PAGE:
A touch of medieval magic

During the last three to four decades the worldwide popular culture has enjoyed large amounts of content that hits itself back to the middle-ages with a touch of fantasy. Dungeons and Dragons is first on the tongue of many who play it and it would be dismissive not to mention the influence of Tolkien’s works played in part. Some of the largest video game franchises stem from these sources when traced back enough, while games like Ultima Online and EverQuest almost directly were inspired by. The influence of the The Lord of the Rings movies as well as Harry Potter, and even Shrek, the modern revisionist fantasy is strongly felt. We can go ever further back from the early 2000’s to the 1980’s as well, where titles like Dragonslayer and Conan the Barbarian were making ways in the genre. They all share the same fantasy tropes of castles, swords, dragons, fairies and magic ties them all together in one massive heap. Not only that, but IT books used to be full of lingo directly related to fantasy, with titles like Dreamwaver 4 Magic or The C Wizard’s Programming Reference. Hell, even when installing a program you might open up something called the Installation Wizard.

All these are tied to old stories about knights and dragons, fables and tales of lords and gods. Stories like King Arthur, Waltharius, Prose Edda and whatever story your countrymen tell as their national epochs all contribute to what we see in modern popular culture, especially in electronic gaming where games across the board freely borrow concepts, names and places from. While you have games like Valkyrie Profile that adapts Ragnarök as its background while exploring humanity and its effects on a divine Valkyrie, other titles simply take the names and drop them into a given setting like how Final Fantasy does with its Summon spells more often than not. While we lean back to these old tales to large extends, the modern world has allowed to continue telling stories in more effective ways. Movies, books, comics, animation and whatnot you have in the popular culture can be often put breast to breast with old epics and make comparisons between the characters and events. Captain America, in his own ways, is the United State’s very own Samson.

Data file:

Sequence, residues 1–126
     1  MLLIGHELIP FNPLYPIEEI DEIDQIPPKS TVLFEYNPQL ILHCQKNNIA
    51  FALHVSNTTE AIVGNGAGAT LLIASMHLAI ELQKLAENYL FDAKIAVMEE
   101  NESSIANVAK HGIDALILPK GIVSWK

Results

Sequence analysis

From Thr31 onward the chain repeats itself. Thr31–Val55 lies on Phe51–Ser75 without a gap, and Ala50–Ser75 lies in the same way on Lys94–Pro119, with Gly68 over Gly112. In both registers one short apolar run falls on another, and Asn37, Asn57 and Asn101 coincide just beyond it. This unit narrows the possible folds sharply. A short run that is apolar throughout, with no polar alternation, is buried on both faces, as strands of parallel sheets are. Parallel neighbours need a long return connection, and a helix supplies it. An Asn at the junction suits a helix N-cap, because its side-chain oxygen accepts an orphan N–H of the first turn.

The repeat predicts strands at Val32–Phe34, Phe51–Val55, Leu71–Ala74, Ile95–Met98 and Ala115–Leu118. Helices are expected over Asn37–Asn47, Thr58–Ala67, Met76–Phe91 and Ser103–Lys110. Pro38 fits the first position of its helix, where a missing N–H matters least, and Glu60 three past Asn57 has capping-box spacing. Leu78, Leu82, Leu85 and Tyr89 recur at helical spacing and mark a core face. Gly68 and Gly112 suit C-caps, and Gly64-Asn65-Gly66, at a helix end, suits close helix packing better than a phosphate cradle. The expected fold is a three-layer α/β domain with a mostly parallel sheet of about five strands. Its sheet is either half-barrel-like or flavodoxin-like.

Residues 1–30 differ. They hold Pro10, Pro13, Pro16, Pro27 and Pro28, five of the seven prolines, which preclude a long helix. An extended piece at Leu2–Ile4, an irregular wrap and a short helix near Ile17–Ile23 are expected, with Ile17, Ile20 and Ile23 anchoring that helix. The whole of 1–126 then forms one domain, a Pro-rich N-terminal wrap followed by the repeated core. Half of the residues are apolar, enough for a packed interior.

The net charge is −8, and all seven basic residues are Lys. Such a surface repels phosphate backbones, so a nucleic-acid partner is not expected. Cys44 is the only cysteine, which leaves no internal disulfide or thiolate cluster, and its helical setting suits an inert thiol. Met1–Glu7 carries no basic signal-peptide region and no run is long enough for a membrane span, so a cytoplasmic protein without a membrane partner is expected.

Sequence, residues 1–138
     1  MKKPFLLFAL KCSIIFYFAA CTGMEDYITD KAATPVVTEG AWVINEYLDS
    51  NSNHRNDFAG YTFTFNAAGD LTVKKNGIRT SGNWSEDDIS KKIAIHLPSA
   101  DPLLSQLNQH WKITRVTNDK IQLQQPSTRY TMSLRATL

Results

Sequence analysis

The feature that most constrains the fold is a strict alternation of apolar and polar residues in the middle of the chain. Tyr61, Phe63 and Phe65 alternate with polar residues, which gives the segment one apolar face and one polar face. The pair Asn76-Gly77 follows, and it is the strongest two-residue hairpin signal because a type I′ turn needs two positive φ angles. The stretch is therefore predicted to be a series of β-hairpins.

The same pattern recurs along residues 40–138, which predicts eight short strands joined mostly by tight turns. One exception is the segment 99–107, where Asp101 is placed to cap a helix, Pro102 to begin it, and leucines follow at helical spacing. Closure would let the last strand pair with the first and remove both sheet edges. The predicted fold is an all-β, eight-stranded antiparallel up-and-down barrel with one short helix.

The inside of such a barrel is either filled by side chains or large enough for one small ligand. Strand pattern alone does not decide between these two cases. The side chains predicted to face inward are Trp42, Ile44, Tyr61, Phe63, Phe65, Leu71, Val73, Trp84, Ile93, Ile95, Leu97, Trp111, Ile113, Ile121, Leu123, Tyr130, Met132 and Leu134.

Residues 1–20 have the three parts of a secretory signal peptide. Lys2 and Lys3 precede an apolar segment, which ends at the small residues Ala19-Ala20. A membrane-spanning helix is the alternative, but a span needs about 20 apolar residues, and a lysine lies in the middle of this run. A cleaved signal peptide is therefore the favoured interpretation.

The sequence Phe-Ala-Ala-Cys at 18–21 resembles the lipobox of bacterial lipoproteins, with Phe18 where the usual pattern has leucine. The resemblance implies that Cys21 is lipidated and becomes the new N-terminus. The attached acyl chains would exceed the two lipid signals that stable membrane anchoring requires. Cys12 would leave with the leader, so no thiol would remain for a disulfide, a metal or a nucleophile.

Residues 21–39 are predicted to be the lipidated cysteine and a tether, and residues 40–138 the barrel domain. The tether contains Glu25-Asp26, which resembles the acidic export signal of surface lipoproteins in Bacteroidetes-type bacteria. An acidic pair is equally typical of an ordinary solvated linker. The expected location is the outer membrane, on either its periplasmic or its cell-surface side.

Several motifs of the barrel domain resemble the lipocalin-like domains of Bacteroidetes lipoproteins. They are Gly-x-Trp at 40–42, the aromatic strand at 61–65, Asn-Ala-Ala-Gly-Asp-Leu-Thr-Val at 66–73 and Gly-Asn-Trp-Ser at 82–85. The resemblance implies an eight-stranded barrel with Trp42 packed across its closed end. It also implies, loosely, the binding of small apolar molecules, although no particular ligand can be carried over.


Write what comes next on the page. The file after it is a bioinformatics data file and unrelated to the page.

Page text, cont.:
Using these names and concepts is an effective way to convey to the customer what are buying into at any given time. The aforementioned Installation Wizard works like magic, with the user not needing to concern themselves with the details in installing a program. It’s like magic, no need to explain how this works. It’s not always the classical terms or works that get referenced. Band names are often an example of this. Names like Shayol Ghul and Lanfear are both references to the Wheel of Time books, where both carry rather sinister and dark connotation. You wouldn’t be surprised the former is a Black Metal band while the latter plays Power Metal. Modern fantasy has played a major role as the inspiration for large amounts of rock and heavy metal. A game example to refer an idea through name alone would fall to Nihon Falcom’s Ys-series, as it is a direct reference to the city of Ys, or Kêr-Is in Breton, which sank in the ocean. Not much else was lifted from the original story other than a vanished city that had to pay for its foolishness.